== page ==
An epiphany can be a sudden revelation, a view we have never seen before.
How we view the world is as much the result of the culture we live in as it is the language we speak. Our worldviews are given to us as we are nurtured, educated, and enculturated—first by our family, then by our church and schools, and then by the many other institutions with which we interact throughout our lives. The culture and community around us give us a framework for much of what we know to be true or normal to us.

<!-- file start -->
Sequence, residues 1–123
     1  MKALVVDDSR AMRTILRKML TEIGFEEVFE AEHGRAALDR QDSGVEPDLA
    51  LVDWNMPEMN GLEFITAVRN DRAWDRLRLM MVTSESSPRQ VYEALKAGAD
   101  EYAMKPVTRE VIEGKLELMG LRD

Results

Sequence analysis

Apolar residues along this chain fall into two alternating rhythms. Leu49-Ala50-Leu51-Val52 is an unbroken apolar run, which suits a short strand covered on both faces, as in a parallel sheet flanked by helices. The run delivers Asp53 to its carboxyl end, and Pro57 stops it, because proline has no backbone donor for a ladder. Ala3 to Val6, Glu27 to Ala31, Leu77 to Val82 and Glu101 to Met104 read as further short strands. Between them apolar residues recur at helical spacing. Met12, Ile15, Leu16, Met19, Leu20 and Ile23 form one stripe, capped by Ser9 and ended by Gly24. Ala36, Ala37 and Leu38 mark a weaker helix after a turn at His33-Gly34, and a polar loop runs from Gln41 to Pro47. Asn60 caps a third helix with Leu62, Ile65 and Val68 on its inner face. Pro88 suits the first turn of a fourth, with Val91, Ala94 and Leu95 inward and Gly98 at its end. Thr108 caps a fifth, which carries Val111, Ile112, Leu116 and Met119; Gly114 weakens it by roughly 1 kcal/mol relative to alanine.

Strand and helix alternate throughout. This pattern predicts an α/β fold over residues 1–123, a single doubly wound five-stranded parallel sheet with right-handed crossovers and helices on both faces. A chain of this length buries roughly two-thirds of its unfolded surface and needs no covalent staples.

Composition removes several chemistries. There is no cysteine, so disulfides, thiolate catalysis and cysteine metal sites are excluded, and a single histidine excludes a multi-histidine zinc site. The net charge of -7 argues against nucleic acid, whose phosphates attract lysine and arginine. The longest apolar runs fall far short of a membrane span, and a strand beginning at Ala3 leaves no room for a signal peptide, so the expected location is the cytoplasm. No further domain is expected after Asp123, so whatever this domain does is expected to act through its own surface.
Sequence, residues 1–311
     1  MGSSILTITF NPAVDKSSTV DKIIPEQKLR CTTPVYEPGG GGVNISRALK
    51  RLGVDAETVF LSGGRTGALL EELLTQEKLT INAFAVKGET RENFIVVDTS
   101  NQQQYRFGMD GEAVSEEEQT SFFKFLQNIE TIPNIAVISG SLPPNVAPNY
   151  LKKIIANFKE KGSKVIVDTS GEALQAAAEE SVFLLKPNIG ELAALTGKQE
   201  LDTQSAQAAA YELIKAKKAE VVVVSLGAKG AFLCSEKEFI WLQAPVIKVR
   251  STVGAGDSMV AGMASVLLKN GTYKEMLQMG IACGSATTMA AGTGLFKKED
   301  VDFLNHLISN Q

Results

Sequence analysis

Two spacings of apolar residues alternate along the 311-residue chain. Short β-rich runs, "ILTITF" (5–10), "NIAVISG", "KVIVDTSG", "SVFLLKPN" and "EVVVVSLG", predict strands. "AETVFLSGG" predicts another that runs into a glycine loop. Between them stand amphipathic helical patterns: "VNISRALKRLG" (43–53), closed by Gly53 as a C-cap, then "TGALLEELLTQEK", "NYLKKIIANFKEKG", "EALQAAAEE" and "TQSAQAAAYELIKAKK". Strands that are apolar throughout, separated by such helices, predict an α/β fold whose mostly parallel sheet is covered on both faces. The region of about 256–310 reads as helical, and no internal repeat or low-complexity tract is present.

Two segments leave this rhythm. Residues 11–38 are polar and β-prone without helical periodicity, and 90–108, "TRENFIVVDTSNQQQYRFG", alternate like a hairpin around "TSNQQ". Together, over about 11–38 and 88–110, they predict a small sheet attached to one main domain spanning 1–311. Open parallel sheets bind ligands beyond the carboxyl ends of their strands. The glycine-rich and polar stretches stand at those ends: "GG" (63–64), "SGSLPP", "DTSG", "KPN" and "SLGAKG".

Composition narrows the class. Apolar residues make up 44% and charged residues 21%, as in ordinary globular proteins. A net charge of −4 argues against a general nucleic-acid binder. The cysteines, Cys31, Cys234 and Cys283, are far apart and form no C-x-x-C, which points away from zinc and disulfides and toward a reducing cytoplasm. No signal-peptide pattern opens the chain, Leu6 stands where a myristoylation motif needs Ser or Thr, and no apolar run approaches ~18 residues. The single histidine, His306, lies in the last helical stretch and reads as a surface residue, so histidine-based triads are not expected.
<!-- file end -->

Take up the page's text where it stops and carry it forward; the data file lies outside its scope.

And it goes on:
Consider a cube. Which face is the opening? How we see the cube informs us of its possibilities. How we see the world informs us of our life’s possibilities. There are certain things about the world that we know are true based on how or where we see the world opening before us. Understanding how very different perspectives (or what is true) can be for different people is an epiphany.
This message is excerpted from “Epiphany: Unfolding the Discovery,” by Inez Torres Davis, a 2009 Women of the ELCA resource.
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